Axel Weber will not be the president of the European Central Bank
On 11 February the president of the Bundesbank, Axel Weber announced that he will not stand for another term in office. This decision also means that he will not apply for the position of the president of the European Central Bank (ECB). When justifying his decision Weber pointed out that he had no support for his vision of monetary policy in the eurozone. Weber’s withdrawal may thwart the plans of the federal government which wanted to gain more control over monetary policy in the eurozone by means of its representative in the position of the ECB.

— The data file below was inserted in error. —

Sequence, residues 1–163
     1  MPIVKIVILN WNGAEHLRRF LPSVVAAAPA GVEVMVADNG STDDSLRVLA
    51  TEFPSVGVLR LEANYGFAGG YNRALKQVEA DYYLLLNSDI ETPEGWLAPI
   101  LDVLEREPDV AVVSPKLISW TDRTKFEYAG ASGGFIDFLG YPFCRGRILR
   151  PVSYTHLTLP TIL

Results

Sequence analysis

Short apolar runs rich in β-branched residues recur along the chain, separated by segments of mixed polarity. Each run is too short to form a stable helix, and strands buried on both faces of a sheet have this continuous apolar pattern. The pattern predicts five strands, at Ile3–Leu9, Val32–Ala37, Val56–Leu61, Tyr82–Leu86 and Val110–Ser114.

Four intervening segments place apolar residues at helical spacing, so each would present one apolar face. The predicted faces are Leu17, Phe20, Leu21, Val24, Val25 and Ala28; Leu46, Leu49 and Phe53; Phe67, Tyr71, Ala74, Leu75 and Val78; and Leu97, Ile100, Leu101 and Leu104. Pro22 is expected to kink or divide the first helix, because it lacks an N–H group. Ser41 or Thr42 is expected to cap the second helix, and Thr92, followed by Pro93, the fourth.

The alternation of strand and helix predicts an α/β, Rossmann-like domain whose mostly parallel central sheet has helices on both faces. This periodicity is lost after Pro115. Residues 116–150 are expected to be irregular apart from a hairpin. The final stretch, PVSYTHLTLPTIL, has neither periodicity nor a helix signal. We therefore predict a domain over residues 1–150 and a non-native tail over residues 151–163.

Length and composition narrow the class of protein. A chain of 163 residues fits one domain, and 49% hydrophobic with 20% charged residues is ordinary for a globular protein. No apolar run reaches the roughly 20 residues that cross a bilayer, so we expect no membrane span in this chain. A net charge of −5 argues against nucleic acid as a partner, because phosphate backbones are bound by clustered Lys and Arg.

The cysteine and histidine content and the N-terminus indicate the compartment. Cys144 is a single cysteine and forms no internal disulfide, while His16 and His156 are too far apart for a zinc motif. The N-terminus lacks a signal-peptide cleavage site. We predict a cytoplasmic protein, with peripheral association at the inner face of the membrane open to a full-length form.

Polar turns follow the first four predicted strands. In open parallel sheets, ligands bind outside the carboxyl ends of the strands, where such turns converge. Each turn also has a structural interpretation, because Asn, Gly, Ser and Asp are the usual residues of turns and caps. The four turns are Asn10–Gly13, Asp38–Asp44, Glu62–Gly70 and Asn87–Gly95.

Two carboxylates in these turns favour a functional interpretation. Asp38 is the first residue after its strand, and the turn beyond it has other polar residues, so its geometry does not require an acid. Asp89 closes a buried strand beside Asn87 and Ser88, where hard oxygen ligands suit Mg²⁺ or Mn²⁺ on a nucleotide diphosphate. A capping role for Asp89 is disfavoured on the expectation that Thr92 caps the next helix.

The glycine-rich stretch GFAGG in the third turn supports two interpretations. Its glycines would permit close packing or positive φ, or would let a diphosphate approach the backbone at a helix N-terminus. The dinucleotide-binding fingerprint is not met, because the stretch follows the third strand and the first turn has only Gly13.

Axel Weber was believed, along with Mario Draghi, the head of Italy’s central bank, to be among the favourites for the position of president of ECB. The fact that a German would hold a managing position in the institution responsible for monetary policy and setting interest rates in the eurozone was seen by the German government as a guarantee of a stable monetary policy and a low inflation rate. Weber’s official withdrawal from standing for a second term in the position of the head of the Bundesbank (another candidate should be appointed by the end of April) constitutes a blow to the image of Chancellor Angela Merkel who promoted his candidacy in Brussels. When justifying his decision Weber pointed to a likely lack of support for his monetary policy from the ECB – Weber was opposed to the ECB buying bonds from the most indebted countries of the eurozone. Jens Weidmann, Chancellor Merkel’s economic aide, will replace Weber as the head of the Bundesbank. Germany can still seek to promote its new candidate for the position of the head of the ECB and could count on France’s support according to the media. An ECB economist Jürgen Stark and the head of the European Financial Stability Facility, Klaus Regling have been mentioned among possible candidates. <pop>